Holden, McCaskill face off in first debate
Tuesday, July 20, 2004
KANSAS CITY, Mo. -- Gov. Bob Holden and State Auditor Claire McCaskill clashed over school funding and who could provide the most effective leadership as they faced off Monday night in their first debate in the Democratic gubernatorial primary.
Holden, who is seeking a second four-year term, sought to emphasize his support for education and health care and the work his administration has done to create jobs in Missouri.
McCaskill, meanwhile, emphasized the hundreds of money-saving recommendations in the audits her office has done, suggesting that if elected governor she could immediately put them in place. Faulting Holden's accomplishments, she held herself out as a candidate who "not only fights for the things that matter, but wins."
McCaskill is challenging Holden in the Aug 3. Democratic primary. They also are to debate today in St. Louis. The winner of the primary is expected to face Republican Secretary of State Matt Blunt in the November election.
Twice during the hour-long debate, Holden and McCaskill were allowed to question one another. Holden accused McCaskill of "putting misinformation out there about my commitment to education," referring to TV ads in which McCaskill accuses Holden of recommending funding cuts to education and needlessly withholding money from public schools -- even as the state's budget improved.
"You know how committed I am to the public schools of this state; how can you do that in good conscience?" Holden asked McCaskill.
She responded, "The issue is not your commitment; the issue is what has happened under your administration."
McCaskill held herself out as the Democrats' best chance of retaining the governor's office in the November elections. She said Holden started his term "showing poor judgment" with a $1 million inaugural party and frequent airplane trips. As further evidence of Holden's alleged weakness, she also cited the Republican takeover of the state House in 2002, when some GOP candidates made Holden's leadership an issue.
Holden acknowledged spending too much on the party but defended his flights as part of his effort to create jobs and said he had repeatedly stood up to the Republican legislature.
In other issues:
McCaskill questioned Holden about why the state's hot line for food stamp recipients still is answered in India. Holden said he issued an executive order to prohibit "outsourcing" government contracts overseas. But McCaskill said he acted too slowly and should have found a way to cancel the contract for the food stamp hot line.
Both candidates said they would support an Aug. 3 ballot measure authorizing a casino in Rockaway Beach, which is near Branson, although McCaskill tempered her response with a "probably."
Asked to name one area in which their opponent was stronger, McCaskill said Holden was more detailed-focused than she; Holden said McCaskill was very committed to her values and beliefs.
Asked to name their biggest mistake, Holden said he should have explained to the public sooner the seriousness of the state's budget troubles; McCaskill said she overestimated her ability to force change from the auditor's office, bemoaning that many of her audit recommendations get ignored.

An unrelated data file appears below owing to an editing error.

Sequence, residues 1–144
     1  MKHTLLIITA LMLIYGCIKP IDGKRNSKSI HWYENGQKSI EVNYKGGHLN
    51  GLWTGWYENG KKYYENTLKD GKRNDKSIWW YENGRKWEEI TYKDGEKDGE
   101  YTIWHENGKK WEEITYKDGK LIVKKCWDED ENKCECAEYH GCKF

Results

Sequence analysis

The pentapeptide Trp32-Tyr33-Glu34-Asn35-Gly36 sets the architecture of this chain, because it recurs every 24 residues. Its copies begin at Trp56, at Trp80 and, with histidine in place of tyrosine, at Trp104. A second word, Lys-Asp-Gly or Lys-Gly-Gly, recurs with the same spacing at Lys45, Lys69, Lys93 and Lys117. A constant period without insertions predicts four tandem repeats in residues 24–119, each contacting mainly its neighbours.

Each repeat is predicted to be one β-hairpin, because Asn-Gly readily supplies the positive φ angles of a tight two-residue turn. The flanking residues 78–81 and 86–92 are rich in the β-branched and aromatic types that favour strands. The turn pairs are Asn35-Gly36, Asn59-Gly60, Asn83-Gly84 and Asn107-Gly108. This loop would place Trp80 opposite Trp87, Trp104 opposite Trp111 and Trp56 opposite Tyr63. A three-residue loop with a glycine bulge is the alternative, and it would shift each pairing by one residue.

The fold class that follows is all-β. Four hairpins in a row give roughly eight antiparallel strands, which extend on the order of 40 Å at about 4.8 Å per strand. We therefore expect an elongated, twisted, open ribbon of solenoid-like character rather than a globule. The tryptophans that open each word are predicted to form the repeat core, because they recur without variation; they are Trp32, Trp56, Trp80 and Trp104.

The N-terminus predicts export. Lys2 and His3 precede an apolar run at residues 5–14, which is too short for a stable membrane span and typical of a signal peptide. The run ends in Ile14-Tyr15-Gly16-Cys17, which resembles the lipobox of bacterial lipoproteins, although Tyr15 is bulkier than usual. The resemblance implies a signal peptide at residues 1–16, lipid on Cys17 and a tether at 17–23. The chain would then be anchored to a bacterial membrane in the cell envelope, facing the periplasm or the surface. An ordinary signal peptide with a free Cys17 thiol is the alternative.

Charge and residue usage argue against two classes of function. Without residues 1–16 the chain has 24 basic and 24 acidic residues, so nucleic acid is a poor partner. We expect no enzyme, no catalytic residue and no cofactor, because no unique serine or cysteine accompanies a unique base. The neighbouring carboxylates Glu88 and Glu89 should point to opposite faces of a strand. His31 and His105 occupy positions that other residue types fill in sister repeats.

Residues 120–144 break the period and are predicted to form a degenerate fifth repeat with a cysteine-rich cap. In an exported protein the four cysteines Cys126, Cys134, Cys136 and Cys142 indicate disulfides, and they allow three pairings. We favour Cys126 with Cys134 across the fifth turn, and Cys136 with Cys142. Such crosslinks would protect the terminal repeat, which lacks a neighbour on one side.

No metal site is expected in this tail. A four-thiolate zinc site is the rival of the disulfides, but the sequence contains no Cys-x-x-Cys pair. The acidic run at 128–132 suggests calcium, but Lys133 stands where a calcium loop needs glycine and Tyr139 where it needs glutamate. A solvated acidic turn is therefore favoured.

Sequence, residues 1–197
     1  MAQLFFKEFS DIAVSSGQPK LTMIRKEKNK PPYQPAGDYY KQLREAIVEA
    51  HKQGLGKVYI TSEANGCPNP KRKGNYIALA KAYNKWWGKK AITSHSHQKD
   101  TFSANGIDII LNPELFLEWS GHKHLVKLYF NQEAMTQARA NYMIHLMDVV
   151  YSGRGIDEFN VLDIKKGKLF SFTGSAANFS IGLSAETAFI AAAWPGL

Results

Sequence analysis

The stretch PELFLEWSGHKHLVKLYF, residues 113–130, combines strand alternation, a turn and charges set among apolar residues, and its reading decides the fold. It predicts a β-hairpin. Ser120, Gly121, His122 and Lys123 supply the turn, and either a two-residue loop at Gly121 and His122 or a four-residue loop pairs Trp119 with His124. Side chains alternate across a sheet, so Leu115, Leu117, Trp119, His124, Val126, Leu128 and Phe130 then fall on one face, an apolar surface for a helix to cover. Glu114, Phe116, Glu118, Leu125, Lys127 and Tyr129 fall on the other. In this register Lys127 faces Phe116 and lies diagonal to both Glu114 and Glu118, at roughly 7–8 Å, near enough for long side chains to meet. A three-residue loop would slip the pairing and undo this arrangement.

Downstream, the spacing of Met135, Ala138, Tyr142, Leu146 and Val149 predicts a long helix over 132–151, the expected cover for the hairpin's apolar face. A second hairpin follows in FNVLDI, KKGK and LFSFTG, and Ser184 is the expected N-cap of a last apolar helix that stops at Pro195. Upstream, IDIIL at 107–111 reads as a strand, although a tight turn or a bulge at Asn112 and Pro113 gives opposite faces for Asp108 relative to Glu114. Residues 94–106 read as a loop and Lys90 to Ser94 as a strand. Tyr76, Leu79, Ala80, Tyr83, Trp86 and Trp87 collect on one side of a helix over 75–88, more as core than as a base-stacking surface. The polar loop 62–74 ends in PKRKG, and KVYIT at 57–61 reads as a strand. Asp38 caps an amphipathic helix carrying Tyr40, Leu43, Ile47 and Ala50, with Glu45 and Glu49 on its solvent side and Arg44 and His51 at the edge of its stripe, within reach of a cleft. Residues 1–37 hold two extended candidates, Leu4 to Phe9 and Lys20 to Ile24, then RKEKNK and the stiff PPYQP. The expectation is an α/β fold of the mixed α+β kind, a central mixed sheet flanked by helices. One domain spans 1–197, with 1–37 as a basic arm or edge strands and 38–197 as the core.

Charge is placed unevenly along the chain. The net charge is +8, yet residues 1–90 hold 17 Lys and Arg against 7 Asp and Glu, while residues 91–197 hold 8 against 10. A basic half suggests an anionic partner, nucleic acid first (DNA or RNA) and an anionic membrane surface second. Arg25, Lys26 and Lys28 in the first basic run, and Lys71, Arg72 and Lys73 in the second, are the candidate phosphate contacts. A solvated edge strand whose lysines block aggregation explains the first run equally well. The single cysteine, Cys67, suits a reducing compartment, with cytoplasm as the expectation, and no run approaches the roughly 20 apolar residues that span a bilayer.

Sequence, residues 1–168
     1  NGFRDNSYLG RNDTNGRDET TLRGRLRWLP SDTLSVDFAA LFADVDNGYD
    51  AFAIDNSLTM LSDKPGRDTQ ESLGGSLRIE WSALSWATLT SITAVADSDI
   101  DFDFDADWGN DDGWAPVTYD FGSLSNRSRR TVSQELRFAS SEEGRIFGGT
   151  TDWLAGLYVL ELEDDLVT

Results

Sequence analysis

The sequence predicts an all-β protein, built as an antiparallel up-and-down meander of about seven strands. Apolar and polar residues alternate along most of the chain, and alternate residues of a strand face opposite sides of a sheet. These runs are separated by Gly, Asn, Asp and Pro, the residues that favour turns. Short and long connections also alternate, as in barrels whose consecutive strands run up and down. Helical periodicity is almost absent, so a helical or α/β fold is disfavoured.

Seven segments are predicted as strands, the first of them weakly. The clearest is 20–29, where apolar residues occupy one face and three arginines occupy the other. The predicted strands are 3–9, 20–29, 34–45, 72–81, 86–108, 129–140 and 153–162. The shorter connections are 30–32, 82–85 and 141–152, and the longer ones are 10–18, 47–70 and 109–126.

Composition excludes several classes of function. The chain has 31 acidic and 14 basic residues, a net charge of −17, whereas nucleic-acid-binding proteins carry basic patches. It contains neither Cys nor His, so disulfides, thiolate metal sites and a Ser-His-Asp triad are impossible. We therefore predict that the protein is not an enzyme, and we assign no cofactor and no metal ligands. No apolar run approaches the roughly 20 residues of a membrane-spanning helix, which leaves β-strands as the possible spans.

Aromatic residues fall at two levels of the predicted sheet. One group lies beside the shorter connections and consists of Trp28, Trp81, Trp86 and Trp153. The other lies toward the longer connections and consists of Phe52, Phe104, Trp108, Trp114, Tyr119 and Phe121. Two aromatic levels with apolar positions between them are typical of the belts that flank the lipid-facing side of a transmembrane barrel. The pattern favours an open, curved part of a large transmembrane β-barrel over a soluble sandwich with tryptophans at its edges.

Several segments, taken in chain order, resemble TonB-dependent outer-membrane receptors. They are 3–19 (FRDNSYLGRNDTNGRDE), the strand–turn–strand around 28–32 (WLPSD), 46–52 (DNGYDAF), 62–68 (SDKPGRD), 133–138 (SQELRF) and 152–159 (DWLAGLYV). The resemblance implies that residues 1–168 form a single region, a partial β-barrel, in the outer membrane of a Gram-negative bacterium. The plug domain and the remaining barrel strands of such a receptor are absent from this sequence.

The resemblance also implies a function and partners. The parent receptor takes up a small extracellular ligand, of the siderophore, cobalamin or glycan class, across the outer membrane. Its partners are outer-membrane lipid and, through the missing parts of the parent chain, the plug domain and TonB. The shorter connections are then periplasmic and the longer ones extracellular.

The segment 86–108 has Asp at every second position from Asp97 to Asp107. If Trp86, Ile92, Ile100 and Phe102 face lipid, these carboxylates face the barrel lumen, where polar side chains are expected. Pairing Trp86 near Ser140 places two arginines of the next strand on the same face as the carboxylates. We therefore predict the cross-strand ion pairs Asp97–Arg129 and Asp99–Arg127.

Asked about what he would do to improve rural Missouri, Holden said, "The key to the success of small-town Missouri is a well-educated work force." McCaskill said one way to focus on rural Missouri would be to have debates in places such as Sikeston, Poplar Bluff, Springfield, Hannibal or Kirksville. "I am disappointed the governor has been unwilling to hold debates in outstate Missouri," she said. "It contributed to the perception that Democrats don't care about people that live outside of Kansas City and St. Louis."
Only about 200 people got to watch the debate in person. A problem with the satellite feed from Kansas City messed up the picture and sound of the debate's closing moments. The glitch obliterated all but 33 seconds of Holden's two-minute closing statement, while McCaskill's closing remarks came through clear.
Although the debate got terse at times, Holden and McCaskill shook hands at the beginning and end. Holden, 54, and McCaskill, 50, share the same political roots. Both won election to the Missouri House in 1982 and served six years before exiting leaving office for awhile. Holden eventually served two four-year terms as state treasurer before narrowly winning the 2000 governor's election. After serving as the Jackson County prosecutor, McCaskill won two terms as state auditor, the current of which runs through 2006.
Their campaign already has been costly. Holden had spent more then $4.3 million and McCaskill just under $3 million as of June 30. Much of that money has gone toward ads.
Two other lesser-known Democrats also are in the primary -- Cole County Auditor Jim LePage of Jefferson City and suburban Kansas City resident Jeffery Emrick -- but neither was invited to participate in the media-sponsored debates.
Campaigning Monday in St. Louis, Blunt outlined his plan for senior citizens, proposing higher Medicaid reimbursements for the best long-term care facilities and a transfer of the Medicaid division to the Department of Health and Senior Services, away from the Department of Social Services, which also oversees the welfare and children's foster care systems.